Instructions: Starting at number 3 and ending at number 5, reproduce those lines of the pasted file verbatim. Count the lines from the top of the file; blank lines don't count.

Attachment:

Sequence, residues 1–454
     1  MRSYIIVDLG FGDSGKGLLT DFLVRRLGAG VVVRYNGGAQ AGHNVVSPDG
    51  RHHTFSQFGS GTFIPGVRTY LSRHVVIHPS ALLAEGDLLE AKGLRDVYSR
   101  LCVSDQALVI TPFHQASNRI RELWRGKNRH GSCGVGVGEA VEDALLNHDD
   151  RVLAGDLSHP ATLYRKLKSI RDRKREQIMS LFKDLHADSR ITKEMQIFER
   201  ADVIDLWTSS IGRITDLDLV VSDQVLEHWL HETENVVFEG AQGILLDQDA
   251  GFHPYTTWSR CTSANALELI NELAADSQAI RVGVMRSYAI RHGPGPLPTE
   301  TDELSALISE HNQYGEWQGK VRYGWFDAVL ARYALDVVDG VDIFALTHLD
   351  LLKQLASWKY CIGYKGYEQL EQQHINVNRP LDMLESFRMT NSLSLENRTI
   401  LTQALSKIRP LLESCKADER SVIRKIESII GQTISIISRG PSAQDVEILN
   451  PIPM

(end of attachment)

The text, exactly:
    51  RHHTFSQFGS GTFIPGVRTY LSRHVVIHPS ALLAEGDLLE AKGLRDVYSR
   101  LCVSDQALVI TPFHQASNRI RELWRGKNRH GSCGVGVGEA VEDALLNHDD
   151  RVLAGDLSHP ATLYRKLKSI RDRKREQIMS LFKDLHADSR ITKEMQIFER